Life Cycle Hypothesis
The concept of life cycle hypothesis is just opposite to what Keynesian function of consumption says. The Keynesian consumption theory is primarily based on the current income of the individuals while the concept of LCH says that the consumption of the individuals is based on the constant percentage of the life income's present value.
According to the life cycle hypothesis, the individual consumption is governed by the tastes, preferences and income of the individual. Modigliani and Ando further argue that the average propensity to consume is larger in the old households and among young people.
This is because the old people run their lives on their life savings while the young people are more into borrowing. The middle-aged people, on the other hand, incline to have higher incomes with lower consumption and higher saving.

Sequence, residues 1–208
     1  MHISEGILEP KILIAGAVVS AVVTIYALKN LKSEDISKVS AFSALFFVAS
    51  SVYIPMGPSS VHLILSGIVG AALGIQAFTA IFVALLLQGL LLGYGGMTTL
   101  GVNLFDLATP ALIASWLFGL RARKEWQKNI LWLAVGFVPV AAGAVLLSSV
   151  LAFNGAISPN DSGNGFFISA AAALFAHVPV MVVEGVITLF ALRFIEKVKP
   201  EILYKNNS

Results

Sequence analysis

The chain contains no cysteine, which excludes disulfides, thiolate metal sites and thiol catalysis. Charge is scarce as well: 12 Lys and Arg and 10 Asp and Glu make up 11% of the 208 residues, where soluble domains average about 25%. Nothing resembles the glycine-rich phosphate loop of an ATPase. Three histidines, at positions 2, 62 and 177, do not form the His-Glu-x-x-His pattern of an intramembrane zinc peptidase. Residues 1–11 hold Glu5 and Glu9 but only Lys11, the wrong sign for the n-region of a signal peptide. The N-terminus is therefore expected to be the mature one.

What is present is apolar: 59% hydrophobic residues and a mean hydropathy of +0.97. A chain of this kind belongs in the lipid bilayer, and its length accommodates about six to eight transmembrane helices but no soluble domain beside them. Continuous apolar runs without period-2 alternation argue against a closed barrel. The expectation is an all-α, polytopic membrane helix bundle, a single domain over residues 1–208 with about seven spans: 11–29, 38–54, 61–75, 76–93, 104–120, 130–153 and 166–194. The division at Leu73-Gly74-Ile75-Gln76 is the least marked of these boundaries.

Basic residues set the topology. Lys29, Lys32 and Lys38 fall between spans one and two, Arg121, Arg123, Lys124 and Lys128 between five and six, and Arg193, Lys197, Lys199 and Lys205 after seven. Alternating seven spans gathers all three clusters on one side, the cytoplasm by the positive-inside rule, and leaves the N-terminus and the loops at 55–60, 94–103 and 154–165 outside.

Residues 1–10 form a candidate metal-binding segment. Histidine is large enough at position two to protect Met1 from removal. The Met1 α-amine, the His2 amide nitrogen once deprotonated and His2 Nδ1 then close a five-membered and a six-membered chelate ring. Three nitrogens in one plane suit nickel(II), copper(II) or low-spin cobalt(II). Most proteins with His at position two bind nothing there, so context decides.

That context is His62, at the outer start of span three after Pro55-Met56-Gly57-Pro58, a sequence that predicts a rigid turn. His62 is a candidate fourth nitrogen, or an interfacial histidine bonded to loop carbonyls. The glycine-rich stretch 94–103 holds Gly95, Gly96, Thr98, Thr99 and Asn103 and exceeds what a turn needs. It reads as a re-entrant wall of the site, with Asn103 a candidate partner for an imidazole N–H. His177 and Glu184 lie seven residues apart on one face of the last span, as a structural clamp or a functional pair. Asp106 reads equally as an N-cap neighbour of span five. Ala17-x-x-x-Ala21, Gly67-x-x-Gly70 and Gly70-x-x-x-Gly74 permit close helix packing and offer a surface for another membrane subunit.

While examining the natural tendency of people to spend, we need to first understand the economic goals that they have. There may be two goals - people spend because they prefer to live a life with better standard of living and that most people also try to maintain more or less constant living standard through out the life time. This is the human nature that explains the logic behind the life cycle hypothesis. This hypothesis tries to justify the reason behind the tendency of the individuals when their spending is not only governed by the income but also regulated by taste and standard of living. The life-cycle hypothesis takes a microeconomic view to the consumption function.
The life cycle hypothesis fails to explain the situation when the income of an individual fluctuates unpredictably. But the life cycle hypothesis can be expanded to explain various situations like - the uncertain situation when death happens, numerous approaches of lifetime earnings, existence of social security and also the interest rate.